Laser dynamics encompasses universal phenomena that can be encountered in many areas of physics, such as bifurcation and chaos, mode competition, resonant nonlinearities, and synchronization-or locking- of oscillators. When a locking process occurs in a multimode laser, an optical frequency comb is produced, which is an optical spectrum consisting of equidistant modes with a fixed phase relationship. Describing the formation of self-starting frequency combs in terms of fundamental laser equations governing the field inside the cavity does not allow one, in general, to grasp how the laser synchronizes its modes. Our finding is that, in a particular class of lasers where the output is frequency modulated with small or negligible intensity modulation, a greatly simplified description of self-locking exists. We show that in quantum cascade lasers-solid-state representatives of these lasers characterized by an ultrashort carrier relaxation time-the frequency comb formation obeys a simple variational principle, which was postulated over 50 years ago and relies on the maximization of the laser output power. The conditions for the breakdown of this principle are also experimentally identified, shedding light on the behavior of many different types of lasers, such as dye, diode, and other cascade lasers. This discovery reveals that the formation of frequency-modulated combs is an elegant example of an optimization problem solved by a physical system.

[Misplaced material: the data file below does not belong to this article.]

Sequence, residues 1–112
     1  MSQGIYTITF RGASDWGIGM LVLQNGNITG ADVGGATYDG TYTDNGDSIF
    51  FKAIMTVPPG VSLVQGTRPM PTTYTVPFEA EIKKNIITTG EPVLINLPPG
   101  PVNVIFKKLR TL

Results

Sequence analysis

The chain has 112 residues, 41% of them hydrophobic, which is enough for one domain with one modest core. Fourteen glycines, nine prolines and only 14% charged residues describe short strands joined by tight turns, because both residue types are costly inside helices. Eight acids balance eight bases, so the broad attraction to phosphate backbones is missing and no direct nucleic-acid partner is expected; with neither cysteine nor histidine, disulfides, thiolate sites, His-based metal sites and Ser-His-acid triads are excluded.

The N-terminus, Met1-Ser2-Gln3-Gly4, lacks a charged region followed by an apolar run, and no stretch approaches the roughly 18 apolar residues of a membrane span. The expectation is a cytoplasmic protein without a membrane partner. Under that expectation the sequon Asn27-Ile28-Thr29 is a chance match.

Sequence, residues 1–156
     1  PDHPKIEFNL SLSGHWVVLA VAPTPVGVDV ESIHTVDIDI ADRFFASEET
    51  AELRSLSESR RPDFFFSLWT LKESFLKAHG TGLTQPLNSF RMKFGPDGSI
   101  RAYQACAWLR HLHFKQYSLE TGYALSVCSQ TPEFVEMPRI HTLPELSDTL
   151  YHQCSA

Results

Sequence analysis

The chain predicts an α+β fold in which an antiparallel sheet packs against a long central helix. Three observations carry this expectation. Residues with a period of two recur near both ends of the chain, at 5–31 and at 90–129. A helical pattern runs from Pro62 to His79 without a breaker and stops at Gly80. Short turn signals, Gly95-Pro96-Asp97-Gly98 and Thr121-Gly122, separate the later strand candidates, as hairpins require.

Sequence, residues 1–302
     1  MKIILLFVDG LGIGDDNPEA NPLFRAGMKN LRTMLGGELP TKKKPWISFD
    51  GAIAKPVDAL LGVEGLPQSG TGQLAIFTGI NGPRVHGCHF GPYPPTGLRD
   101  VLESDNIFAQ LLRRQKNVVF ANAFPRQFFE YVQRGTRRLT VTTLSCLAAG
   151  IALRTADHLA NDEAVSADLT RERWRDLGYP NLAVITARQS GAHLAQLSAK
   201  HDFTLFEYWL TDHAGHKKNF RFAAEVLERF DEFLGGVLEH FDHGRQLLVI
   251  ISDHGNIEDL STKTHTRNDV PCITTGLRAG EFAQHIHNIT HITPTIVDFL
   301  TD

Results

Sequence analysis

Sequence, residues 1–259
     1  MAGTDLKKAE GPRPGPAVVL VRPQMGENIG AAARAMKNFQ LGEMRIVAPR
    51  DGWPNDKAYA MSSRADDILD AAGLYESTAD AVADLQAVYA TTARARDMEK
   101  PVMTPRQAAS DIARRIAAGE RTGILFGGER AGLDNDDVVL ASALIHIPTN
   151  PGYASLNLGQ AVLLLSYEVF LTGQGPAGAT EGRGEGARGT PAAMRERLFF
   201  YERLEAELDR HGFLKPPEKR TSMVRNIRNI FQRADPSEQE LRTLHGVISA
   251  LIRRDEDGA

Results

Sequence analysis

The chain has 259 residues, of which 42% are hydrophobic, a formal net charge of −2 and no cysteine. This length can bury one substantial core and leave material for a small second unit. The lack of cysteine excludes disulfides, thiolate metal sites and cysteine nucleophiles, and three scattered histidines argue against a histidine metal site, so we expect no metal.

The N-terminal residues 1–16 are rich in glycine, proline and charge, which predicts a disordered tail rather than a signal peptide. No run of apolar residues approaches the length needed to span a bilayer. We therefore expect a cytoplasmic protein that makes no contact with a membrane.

Metasurfaces have recently emerged as a promising technology to realize flat optical components with customized functionalities. In particular, their application to lenses in various imaging systems is of significant interest. However, a systematic and complete study of the focusing and imaging behavior of metalenses has not yet been conducted. In this work we analyze not only the on-axis focusing performance, but also the field-dependent wavefront aberrations via a phase-retrieval optimization method. We find that, particularly for high-NA metalenses, the field-dependent geometrical aberrations like coma are dominant at the design wavelength, while for longer and shorter operation wave- lengths, the effective numerical aperture is decreased and mainly spherical aberrations are dominant. Additionally, we investigate the spectral and angular bandwidth of a polarization-insensitive metalens by analyzing the metalens efficiencies as a function of numerical aperture, field angle, and wavelength. We then compare the metalens performance to its refractive and diffractive counterparts and show how the respective metalens properties affect the imaging performance. For this purpose, we perform an imaging simulation for these three cases based on their field- and wavelength-dependent absolute deflection efficiencies and analyze the imaging properties of an extended test object. Our calculations show that metalenses can outperform diffractive lenses in terms of their angle-dependent efficiency for large deflection angles.